Feeds

Boffins offer ROUTER DEATHLIST for software-defined network builders

You didn't think SDN would mean no upgrades, did you?

Remote control for virtualized desktops

Unless you've got fathomless pockets, a scary aspect of a software-defined networking implementation is the necessity for an infrastructure upgrade, since nobody wants to forklift every router in a big network all at once. Now, a paper co-authored by Nokia Siemens Networks' Marco Hoffmann proposes a set of algorithms to help plan the rollout.

The aim of the paper, published at Arxiv here, is to create a methodology that takes into account the current state of a network, balancing gains from traffic engineering with limitations on capital expenditure. Perhaps obviously, the authors say that “the sequence of migration plays a vital role, especially in the early stages of network migration to SDN”.

The group, which includes three authors from the Technical University at Braunschweig (Tamal Das, Marcel Caria and Admela Jukan), took on the system architect's perennial question: “if there's got to be an upgrade, which kit do I nuke first?”

As the paper puts it, in more academic terms: “operators need to understand how their network can make best use of traffic engineering capabilities enabled by SDN, during various stages of a migration process.”

Implementing SDN - difficult choices

Some of your routers get migrated first - but

which ones? Image source: arxiv.org/pdf/1310.0216v1.pdf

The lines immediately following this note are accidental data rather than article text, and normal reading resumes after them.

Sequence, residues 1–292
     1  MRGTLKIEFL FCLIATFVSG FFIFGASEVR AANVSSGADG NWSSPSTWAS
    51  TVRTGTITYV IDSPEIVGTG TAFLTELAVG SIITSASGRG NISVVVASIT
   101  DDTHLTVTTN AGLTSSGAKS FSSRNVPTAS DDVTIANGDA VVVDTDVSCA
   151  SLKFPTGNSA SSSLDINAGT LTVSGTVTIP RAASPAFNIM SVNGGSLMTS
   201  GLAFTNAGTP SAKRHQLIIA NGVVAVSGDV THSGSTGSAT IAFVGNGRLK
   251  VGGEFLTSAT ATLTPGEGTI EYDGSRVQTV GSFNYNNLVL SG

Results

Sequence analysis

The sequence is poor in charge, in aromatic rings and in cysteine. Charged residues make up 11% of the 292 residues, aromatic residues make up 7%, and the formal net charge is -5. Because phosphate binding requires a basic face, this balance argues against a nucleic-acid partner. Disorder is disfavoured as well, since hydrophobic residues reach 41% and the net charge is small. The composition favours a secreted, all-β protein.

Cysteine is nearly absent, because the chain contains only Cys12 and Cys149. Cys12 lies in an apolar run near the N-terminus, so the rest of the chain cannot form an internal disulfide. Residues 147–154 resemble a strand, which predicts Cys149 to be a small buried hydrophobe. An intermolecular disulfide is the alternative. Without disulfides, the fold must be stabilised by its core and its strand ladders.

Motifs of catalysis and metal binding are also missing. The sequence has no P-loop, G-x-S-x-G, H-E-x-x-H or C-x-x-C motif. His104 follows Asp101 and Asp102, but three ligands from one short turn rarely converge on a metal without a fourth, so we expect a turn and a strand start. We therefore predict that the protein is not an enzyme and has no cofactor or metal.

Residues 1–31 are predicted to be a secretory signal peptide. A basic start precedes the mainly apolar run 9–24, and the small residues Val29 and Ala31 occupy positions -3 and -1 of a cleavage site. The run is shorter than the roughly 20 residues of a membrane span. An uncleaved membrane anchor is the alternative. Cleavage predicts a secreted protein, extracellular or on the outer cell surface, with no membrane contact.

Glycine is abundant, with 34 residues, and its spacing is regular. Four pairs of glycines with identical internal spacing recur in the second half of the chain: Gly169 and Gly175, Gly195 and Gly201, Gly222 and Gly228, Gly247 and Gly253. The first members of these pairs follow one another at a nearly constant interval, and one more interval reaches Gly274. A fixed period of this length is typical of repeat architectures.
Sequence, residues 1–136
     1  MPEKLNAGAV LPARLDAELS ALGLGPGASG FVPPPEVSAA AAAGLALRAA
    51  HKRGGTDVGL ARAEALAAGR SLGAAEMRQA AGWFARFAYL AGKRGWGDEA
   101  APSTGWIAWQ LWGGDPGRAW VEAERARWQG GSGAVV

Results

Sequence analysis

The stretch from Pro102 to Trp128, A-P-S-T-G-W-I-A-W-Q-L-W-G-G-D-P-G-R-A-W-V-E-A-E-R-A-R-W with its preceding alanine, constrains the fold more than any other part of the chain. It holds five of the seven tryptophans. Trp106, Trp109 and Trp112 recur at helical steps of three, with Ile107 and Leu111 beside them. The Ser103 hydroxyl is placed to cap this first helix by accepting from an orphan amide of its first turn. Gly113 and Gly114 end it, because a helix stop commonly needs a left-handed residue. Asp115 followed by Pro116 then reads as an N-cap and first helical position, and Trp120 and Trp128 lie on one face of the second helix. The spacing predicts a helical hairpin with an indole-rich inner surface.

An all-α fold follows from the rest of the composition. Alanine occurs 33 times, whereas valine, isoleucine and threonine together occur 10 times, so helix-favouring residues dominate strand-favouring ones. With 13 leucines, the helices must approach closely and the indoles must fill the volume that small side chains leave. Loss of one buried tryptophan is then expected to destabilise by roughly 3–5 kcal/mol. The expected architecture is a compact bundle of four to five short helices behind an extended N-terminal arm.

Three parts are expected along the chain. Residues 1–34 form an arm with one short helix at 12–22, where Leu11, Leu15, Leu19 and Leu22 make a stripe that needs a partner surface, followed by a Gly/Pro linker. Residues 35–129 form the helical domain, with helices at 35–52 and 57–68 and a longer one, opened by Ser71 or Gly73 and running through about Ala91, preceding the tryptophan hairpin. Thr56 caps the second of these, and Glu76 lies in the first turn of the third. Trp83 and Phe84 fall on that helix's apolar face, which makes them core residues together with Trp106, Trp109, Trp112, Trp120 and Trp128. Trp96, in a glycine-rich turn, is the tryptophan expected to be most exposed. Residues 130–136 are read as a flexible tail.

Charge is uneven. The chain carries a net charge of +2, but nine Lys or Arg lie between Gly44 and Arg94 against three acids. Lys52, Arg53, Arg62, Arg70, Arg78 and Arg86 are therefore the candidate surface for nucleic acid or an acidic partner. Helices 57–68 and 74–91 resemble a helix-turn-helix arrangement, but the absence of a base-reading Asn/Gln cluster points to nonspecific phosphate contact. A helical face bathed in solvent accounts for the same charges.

To try and answer this question, the researchers produced algorithms designed to assess two constraint cases: the network operator is limited either by the number of routers that can be migrated in a single step, or is limited by the available capex at any given moment (these cases look identical, but they aren't quite, since in the first case, the time it takes to drop in a new router is a more important constraint than the money needed to buy it).

The process starts with a path analysis to identify key nodes that must be SDN-enabled if a path is to be used for traffic engineering. For these paths, the paper presents “greedy algorithms” that test different migration scenarios for maximum performance gains under the different migration constraints. ®

Remote control for virtualized desktops

More from The Register

next story
Azure TITSUP caused by INFINITE LOOP
Fat fingered geo-block kept Aussies in the dark
729 teraflops, 71,000-core Super cost just US$5,500 to build
Cloud doubters, this isn't going to be your best day
Want to STUFF Facebook with blatant ADVERTISING? Fine! But you must PAY
Pony up or push off, Zuck tells social marketeers
Oi, Europe! Tell US feds to GTFO of our servers, say Microsoft and pals
By writing a really angry letter about how it's harming our cloud business, ta
You think the CLOUD's insecure? It's BETTER than UK.GOV's DATA CENTRES
We don't even know where some of them ARE – Maude
SAVE ME, NASA system builder, from my DEAD WORKSTATION
Anal-retentive hardware nerd in paws-on workstation crisis
Astro-boffins start opening universe simulation data
Got a supercomputer? Want to simulate a universe? Here you go
prev story

Whitepapers

Why and how to choose the right cloud vendor
The benefits of cloud-based storage in your processes. Eliminate onsite, disk-based backup and archiving in favor of cloud-based data protection.
A strategic approach to identity relationship management
ForgeRock commissioned Forrester to evaluate companies’ IAM practices and requirements when it comes to customer-facing scenarios versus employee-facing ones.
High Performance for All
While HPC is not new, it has traditionally been seen as a specialist area – is it now geared up to meet more mainstream requirements?
Reducing the cost and complexity of web vulnerability management
How using vulnerability assessments to identify exploitable weaknesses and take corrective action can reduce the risk of hackers finding your site and attacking it.
Saudi Petroleum chooses Tegile storage solution
A storage solution that addresses company growth and performance for business-critical applications of caseware archive and search along with other key operational systems.